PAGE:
Yeah when I say a New Build, I mean ones that are built by the National Companies (Bellway / Persimmon / Taylor Wimpey). I would consider a new build that had been built by a trusted local builder. I wouldn't mind having minor things that needed sorted out but my friends have had major issues like the boiler didn't work when they moved in (more than one friend!) & took nearly two weeks to sort out so no hot water / heating. There's been major leaks (as in water literally pouring down the inside)! They couldn't get in the freezer for weeks because some muppet hung the radiator in the way so you couldn't open the freezer door (this had been picked up and flagged prior to moving in, prior to them actually installing the kitchen even but it wasn't sorted until weeks after moving in!)



 
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Old Feb 16th, 2017, 12:30 PM   20
Pearls18
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Quote:
Originally Posted by lindseymw View Post
Quote:
Originally Posted by Pearls18 View Post
Quote:
Originally Posted by lindseymw View Post
Older house for me. Ours was built in the 70s.

I wouldn't touch a New Build. I know far too many people who have bought a New Build & are still having issues with it over a year later & trying the get the problems sorted have been a nightmare.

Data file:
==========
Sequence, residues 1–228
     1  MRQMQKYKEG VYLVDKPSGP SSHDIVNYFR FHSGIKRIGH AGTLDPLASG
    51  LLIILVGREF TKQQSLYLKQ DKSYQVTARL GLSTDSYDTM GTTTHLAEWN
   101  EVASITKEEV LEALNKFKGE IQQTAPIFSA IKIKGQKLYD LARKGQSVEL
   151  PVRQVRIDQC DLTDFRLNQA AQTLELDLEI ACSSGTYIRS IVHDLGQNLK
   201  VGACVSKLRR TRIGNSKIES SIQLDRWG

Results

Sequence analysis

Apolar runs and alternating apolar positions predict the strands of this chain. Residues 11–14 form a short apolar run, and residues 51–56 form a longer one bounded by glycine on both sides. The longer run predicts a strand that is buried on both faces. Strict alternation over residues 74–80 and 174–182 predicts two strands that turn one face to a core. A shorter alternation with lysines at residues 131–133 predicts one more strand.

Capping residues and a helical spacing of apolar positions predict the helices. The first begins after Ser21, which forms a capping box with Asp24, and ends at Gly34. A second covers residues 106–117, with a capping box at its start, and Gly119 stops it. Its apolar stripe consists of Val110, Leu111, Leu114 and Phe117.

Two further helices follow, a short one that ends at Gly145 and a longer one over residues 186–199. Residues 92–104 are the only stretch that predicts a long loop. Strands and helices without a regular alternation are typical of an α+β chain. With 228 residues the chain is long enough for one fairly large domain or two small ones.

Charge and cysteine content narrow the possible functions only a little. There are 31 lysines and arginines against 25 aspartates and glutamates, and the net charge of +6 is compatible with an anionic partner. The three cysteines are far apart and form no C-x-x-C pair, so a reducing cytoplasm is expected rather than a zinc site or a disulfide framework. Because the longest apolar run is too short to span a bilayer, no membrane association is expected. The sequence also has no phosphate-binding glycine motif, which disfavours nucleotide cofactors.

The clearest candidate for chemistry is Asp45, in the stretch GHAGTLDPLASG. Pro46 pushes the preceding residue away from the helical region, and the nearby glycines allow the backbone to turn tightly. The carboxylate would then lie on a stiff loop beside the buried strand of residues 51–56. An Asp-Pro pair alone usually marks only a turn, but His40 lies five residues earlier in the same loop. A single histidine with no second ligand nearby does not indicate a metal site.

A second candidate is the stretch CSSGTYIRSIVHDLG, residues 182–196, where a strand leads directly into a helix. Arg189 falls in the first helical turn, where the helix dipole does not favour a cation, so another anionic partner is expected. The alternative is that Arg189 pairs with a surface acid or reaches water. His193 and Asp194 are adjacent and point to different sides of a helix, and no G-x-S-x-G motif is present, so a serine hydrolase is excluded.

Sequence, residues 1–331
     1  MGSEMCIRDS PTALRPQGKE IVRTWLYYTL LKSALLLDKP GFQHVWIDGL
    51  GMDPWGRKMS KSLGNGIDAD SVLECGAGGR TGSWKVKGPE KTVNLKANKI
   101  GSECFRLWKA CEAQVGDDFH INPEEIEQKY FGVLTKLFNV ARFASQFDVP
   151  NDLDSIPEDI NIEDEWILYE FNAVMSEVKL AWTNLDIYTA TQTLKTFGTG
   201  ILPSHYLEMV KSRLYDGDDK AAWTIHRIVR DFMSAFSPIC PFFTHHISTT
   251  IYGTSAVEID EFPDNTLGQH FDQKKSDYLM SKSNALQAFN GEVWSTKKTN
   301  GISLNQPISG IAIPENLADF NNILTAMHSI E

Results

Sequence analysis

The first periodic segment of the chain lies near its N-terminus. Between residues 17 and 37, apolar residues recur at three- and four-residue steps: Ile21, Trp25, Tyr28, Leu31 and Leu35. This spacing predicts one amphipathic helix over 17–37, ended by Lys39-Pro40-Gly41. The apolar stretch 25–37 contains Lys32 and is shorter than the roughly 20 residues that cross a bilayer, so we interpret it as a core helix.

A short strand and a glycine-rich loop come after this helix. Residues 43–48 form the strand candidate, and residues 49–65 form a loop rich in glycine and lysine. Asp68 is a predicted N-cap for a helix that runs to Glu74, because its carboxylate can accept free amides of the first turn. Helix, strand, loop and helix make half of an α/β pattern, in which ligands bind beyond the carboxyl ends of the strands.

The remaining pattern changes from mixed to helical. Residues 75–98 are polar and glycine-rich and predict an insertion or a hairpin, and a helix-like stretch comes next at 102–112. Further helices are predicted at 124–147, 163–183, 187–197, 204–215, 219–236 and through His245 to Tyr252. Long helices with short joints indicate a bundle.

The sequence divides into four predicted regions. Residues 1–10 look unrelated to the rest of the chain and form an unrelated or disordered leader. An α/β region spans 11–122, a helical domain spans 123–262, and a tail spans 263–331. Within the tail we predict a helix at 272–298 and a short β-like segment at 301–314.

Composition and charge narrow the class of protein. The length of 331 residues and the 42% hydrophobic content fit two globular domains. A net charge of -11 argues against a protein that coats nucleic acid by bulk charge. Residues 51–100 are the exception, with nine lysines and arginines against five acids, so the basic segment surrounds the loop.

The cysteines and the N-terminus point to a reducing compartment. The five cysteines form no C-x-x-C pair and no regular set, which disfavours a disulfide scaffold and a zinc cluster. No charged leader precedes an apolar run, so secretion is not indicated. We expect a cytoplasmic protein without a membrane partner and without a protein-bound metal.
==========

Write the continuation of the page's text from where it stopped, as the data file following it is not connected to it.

That really depends on the developer though, some of the national companies in particular have horrible reps, my mum bought from a local builder and her house was great with no issues. I suppose all houses have snagging periods in a sense and for those that were built years ago have been long rectified. We're buying a 10 year old house and I like that the snagging is all sorted and that the house would have inevitably gone into negative equity for being overpriced as new and bounced back again so I wouldn't really class it a new build any more. (Well apart from the fact it's too small in an over developed area haha!)
Yeah when I say a New Build, I mean ones that are built by the National Companies (Bellway / Persimmon / Taylor Wimpey). I would consider a new build that had been built by a trusted local builder. I wouldn't mind having minor things that needed sorted out but my friends have had major issues like the boiler didn't work when they moved in (more than one friend!) & took nearly two weeks to sort out so no hot water / heating. There's been major leaks (as in water literally pouring down the inside)! They couldn't get in the freezer for weeks because some muppet hung the radiator in the way so you couldn't open the freezer door (this had been picked up and flagged prior to moving in, prior to them actually installing the kitchen even but it wasn't sorted until weeks after moving in!)
Yeah I've heard the after care can be appalling taking forever to get things fixed, lark fleet is a big developer round here with a very bad reputation. I'm not sure who built the house we are buying, not sure how I can find out. It's not a particularly big development.